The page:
Issue: What is life?
10 May 2016 article
Grappling with the question ‘What is life?’ is not for the fainthearted. Reaching a consensus, even within the scientific community, is both a challenge and an aspiration. However, as a community of scientists, it is apparent that microbiologists are extremely well placed to influence the debate.
As technological and scientific advances push forward our knowledge boundaries, the answer to ‘What is life?’ is becoming tantalisingly closer. As I have learnt during my tenure at the Norwich Medical School, scientists are not the only voices grappling with this question.
Ethicists, the legal community and different religious communities to name a few continue to debate this issue as scientists continue to advance the meaning of life and living as technology and scientific advances continue to progress. Very recently, researchers working with Craig Venter published a report in Science describing a bacterium, Syn 3.0, that has been engineered to have the smallest genome of any freely living organism. Its genome has been pared down to the bare essentials; just 473 genes are needed to survive and reproduce. The evidence that is coming through seems to suggest that it is becoming more and more unlikely that ‘The answer to the ultimate question of life, the universe and everything is going to be 42’. So far the evidence is pointing to 473.
The first article asks the question ‘Are viruses alive?’ Clearly, viruses have shaped history. Viruses by their very nature challenge our understanding of what it means to be alive, and this question has been at the heart of an ongoing debate that has been around for more than a century. Different sides of the argument are presented by David Bhella and Nigel Brown.
John Ward writes our next article. He describes how astromicrobiology is perfectly placed to ask (and answer) whether there is life on Mars. Looking at microbial life forms that can survive and thrive in extreme environments on Earth is providing scientists with clues about the possibility and viability of life on our neighbouring planet.
The role of scientists in the ‘What is life?’ debate is evolving too. Sarah Richardson and Nicola Patron have co-authored an article that describes how synthetic biology is opening up new opportunities to manipulate, transplant and create new organisms. They also describe why scientific advances cannot take place in a vacuum but require a complete package of intellectual property assessment, ethical debate and philosophical review.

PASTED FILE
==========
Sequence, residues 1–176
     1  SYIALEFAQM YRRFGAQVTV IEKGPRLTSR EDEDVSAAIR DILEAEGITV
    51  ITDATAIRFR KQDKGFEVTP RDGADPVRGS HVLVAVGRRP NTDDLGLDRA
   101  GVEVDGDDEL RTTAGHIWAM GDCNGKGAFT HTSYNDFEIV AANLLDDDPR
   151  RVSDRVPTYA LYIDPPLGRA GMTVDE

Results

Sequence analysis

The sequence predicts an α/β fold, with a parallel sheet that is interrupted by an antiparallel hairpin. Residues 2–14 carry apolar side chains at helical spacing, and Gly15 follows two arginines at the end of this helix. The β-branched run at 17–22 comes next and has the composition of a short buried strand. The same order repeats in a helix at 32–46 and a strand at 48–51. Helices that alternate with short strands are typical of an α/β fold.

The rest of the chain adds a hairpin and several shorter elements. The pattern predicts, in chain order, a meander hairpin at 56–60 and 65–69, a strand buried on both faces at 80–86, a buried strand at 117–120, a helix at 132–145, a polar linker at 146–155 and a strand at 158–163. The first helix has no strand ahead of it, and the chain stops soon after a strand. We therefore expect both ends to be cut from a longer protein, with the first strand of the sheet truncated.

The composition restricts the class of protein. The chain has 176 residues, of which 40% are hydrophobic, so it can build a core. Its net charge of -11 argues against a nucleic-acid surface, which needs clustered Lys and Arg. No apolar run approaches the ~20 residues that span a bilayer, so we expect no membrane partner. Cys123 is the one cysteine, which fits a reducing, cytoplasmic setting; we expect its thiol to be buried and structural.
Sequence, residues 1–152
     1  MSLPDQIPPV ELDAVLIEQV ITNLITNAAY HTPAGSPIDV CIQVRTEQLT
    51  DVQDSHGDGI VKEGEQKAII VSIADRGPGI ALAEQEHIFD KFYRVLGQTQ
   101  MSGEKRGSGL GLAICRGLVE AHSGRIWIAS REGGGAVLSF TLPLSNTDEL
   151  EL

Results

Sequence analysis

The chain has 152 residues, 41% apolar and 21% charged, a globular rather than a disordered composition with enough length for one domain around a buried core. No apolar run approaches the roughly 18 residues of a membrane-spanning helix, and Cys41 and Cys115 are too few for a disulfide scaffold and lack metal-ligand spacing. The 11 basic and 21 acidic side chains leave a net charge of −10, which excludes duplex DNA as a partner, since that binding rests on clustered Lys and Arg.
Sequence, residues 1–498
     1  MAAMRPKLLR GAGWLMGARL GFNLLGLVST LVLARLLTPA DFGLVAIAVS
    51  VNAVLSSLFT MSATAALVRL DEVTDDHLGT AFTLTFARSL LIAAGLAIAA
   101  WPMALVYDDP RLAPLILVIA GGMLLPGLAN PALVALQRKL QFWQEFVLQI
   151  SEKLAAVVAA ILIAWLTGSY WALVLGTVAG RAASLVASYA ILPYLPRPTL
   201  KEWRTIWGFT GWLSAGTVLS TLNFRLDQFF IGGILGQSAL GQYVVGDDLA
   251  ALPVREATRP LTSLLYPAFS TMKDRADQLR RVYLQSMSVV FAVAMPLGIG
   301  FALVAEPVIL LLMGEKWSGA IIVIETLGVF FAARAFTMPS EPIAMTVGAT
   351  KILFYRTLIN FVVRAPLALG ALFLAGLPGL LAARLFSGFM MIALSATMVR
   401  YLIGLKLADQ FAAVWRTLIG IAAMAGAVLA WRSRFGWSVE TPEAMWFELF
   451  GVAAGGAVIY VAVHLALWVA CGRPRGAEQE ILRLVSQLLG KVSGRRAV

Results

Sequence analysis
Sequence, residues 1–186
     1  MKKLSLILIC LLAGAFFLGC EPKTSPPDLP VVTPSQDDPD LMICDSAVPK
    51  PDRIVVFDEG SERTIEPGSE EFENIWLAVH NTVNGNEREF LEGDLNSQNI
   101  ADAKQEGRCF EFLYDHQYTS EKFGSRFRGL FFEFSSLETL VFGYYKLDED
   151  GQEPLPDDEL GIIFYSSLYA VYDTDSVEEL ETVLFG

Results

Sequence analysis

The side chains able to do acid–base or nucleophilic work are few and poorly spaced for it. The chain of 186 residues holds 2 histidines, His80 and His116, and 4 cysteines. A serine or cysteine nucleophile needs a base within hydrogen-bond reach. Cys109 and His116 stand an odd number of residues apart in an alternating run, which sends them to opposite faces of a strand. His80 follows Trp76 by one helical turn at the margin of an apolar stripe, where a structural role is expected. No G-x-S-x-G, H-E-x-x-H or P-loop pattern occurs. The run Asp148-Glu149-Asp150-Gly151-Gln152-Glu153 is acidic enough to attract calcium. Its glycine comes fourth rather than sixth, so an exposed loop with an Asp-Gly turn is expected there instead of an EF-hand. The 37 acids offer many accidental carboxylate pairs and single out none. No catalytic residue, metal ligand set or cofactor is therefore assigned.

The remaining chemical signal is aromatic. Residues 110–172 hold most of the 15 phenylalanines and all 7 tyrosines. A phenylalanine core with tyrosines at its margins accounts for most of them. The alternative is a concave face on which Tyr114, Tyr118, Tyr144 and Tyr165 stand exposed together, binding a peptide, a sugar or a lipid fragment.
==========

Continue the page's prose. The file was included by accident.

Next, Martin Embley and Tom Williams describe how new models based on molecular sequencing and metagenomics analysis using environmental DNA samples challenge the traditional three-domain tree of life. The new model supports two domains instead of three, with eukaryotes originating from a common prokaryotic ancestor shared with Archaea. To coincide with the Molecular Biology of Archaea Focused Meeting to be held in London later this year, Hannah Marriott and Thorsten Allers pick up the Archaea story. They describe how this brand new domain of life contains more than an exotic group of extremophiles. In fact this ‘newest’ domain of life is one of the most ancient and ubiquitous. Our previous conceptions of archaeal life continue to be challenged as scientists continue to find new lineages.
Finally, Adam Staines from the BBSRC has written the Comment article. It focuses on one of the most important issues to occupy scientists’ minds after the meaning of life question: what are the policies that underpin funding for research?
As our knowledge about the microbial world continues to expand, my money is on microbiologists finding the answer to the question ‘What is life?’ and also where did it begin?
Image: Coloured scanning electron micrograph of strands of Actinomyces viscosus. Science Photo Library..